For White Wonderland I decided I would equip myself and some of my friends with some white stunna shades, but not any white stunna shades; ones that had the ability to diffract light and create rainbows in your vision. After my friends Kevin and Christine hooked it up with a pair of similar glasses for EDC and everyone had gone crazy over them since then, I wanted to make my own to gift to my friends for our NYE experience. Everyone liked them quite a bit, so I figured I would put together a brief guide to make your own.
The two key ingredients here are Prism Diffraction Firework Glasses which you can purchase on Amazon and Stunna Shades which can be purchased on Amazon as well (no link for the stunna shades as they change price constantly, just search Shutter Shades and you will be presented with plenty of options. Order however many you want to make (in this case, 10 pairs, so I had some diffraction glasses left over.) Once you have your materials, the first step is to separate the lenses of the prism glasses from the actual cardboard frames. This can be done by hand by peeling them apart or with an exacto knife. I recommend a combination of the two. Quite often, the peel won’t be perfect and you will be left with cardboard or glue or both still on the plastic diffraction lens. This is not an issue, just do all of your peeling at once, it is much easier. Once you have peeled your lenses, next step is to dunk them in warm water. This helps separate the cardboard and glue from the lenses.
As you can see I am a hipster, so I drink out of mason jars. After letting them soak for an hour if you are impatient, overnight if you have the time, you can pull them out and rub any remaining cardboard off with your fingers. Next, bust out your Goo Gone (which you can find at a hardware store) and some q-tips. Time to attack these babies like your favorite dj is counting on your glasses for his perfect set, which he is not. Do it anyway.
A bit hard to see, but I put the lenses on a plate that had Goo Gone on it, let them soak and then rubbed the glue from the frames off with a q-tip. Hard to get these perfect but if you put in a bit of time on each, it makes a significant difference. After getting the glue off, I rewashed them with a bit of warm water and dish soap to get everything off and to let them dry.
Black paper was really helpful for keeping track of them. Once they dry, test size them against your shutter shade. Remember you want it to cover most of the area you see through, so try holding them on the inside of the glasses while you look at light. That should give you a good test run. Next, take your Modge Podge (art store for this) which is a waterbase sealer, glue, and finish. Put a bit on a plastic plate, use a new q-tip to apply it to the inside of the shutter shade on the top inside and multiple of the bars that run across so that the lens will stay securely. Once the Modge Podge is on, place your lens on it so it secures to the shutter shade. Repeat this with the other side. Let it dry a bit, then test to be sure it is in a position on the shutter shades that you like and will work with light. Once you are satisfied, repeat this for each of your pairs with a lens for each eye. Try not to apply the Modge Podge too thick to make sure it just covers the spot you are trying to attach the lens. Once you complete each side, place the glasses near an open window to help them air dry.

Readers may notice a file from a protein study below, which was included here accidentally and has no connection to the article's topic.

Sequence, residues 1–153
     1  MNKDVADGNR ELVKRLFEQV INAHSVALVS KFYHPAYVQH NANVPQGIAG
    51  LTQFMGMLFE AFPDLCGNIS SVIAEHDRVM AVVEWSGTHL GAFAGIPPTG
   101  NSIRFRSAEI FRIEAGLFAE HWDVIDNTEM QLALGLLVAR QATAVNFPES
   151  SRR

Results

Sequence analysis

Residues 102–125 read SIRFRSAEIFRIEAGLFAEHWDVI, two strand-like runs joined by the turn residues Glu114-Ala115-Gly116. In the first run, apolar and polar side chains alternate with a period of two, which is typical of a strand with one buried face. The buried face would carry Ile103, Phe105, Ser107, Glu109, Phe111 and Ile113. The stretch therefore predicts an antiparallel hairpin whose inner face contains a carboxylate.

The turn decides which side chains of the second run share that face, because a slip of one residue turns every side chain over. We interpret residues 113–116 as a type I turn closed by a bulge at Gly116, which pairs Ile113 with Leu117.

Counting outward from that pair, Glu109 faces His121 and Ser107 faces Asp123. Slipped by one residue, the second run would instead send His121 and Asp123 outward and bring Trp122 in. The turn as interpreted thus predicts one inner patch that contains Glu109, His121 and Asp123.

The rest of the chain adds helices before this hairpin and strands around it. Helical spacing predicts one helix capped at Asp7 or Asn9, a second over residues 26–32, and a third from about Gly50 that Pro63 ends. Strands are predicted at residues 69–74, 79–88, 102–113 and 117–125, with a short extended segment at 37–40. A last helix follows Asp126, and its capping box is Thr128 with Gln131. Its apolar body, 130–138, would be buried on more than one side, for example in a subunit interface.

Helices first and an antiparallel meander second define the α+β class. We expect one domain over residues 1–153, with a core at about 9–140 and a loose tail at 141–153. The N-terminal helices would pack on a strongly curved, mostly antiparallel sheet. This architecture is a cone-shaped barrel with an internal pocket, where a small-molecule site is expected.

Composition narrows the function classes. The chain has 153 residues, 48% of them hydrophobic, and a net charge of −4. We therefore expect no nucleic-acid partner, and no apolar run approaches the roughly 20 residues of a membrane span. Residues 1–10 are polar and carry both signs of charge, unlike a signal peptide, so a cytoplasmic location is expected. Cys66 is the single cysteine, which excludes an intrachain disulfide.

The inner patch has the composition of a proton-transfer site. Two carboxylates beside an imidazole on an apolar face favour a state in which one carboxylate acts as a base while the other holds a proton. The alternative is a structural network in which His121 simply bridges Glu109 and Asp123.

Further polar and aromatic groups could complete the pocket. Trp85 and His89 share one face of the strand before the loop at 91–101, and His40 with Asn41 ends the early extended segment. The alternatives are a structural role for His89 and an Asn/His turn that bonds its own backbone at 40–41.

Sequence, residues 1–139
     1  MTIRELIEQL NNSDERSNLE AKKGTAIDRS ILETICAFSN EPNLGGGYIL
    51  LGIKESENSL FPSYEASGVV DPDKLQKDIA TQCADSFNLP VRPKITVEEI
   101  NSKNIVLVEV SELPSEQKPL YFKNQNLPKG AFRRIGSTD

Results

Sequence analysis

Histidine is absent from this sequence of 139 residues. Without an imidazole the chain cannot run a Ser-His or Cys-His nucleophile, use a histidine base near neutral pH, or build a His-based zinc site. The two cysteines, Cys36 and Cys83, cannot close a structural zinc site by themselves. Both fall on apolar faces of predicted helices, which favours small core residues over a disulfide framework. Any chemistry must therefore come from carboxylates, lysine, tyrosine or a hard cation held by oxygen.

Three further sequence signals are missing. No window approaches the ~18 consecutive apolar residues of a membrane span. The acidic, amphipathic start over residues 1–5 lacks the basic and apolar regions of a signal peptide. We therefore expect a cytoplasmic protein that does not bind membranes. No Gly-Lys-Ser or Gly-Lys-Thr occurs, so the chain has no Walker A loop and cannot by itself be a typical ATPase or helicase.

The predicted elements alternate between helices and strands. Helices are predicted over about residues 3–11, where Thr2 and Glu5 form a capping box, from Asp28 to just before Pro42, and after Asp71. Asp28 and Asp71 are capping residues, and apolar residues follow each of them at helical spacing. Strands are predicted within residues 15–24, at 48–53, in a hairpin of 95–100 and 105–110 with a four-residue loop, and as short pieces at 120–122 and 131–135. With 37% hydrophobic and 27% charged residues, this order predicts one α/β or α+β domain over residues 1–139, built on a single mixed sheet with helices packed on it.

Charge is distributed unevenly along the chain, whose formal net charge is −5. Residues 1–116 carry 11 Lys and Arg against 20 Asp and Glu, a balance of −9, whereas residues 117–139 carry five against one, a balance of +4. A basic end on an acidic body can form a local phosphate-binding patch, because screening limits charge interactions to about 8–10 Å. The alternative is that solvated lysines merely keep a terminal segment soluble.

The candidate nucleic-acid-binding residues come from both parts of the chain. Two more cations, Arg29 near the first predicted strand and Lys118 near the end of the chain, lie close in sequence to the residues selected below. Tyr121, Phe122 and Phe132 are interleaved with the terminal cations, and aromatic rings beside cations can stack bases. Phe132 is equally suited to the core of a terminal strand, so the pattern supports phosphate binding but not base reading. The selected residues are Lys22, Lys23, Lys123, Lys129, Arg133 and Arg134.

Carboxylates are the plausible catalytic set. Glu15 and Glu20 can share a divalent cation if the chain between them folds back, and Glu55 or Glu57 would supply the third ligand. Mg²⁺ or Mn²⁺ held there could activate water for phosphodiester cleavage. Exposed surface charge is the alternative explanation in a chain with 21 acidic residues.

Yelling at them to dry faster is a popular technique that does not help speed their progress in the least bit. Also, please ignore the handcuffs and rubber chicken, what I do in my own time is my business. Once they have dried, you can turn off all the lights in your house except a couple and test them out. My favorite method is walk towards the light while moving your head back and forth toward your shoulders like a crazed giant bug with swag shades. Hopefully you should get something like this:
Clearly it will be better, because your eyes do not suck as much as my camera. This pair lasted the entire sweaty night at White Wonderland so they tend to be pretty durable. They are fun to give away, if you purchase your materials in bulk, it will likely cost you about $6 a pair that you make. However, unless you really love that $tunna $hade $wag, I highly recommend making them with clear glasses, as the bars across the shutter shades interfere with your amazing view of the pretty lights and all the awesome diffraction that is going on.
Two other warnings: First, everyone is going to want to be your friend with these, because they are awesome. Lend them out to friends and strangers, just keep an eye on them. Not everyone is cool, and some people like to try and walk away with them. If you have extras, this is not the end of the world but if you only have one pair, keep that shit on lock! And by lock I mean hope no one jacks them.
Second, this takes at least 2-3 hours minimum. Best to prep and soak the lenses one night and finish the job the next. Or go the easy and also really cool route and just acquire yourself an pair of PrizmEyez.
Seriously these things are boss, and require much less effort then making your own. PrizmEyez are the only option for hard plastic prizmatic lenses. Not that making your own is a bad option at all, it just takes work, money, and time. These just require money and internet. If you want to pick up a pair of your own check out their website, as they have many options, color choices, and that awesome sunglasses string that I could have sworn went out in the late nineties. Fortunately that string will help you keep your newly acquired awesome rainbow makers. And remember, no matter which direction you go, get ready for this in your eye!
Peace, love, and rainbows y’all.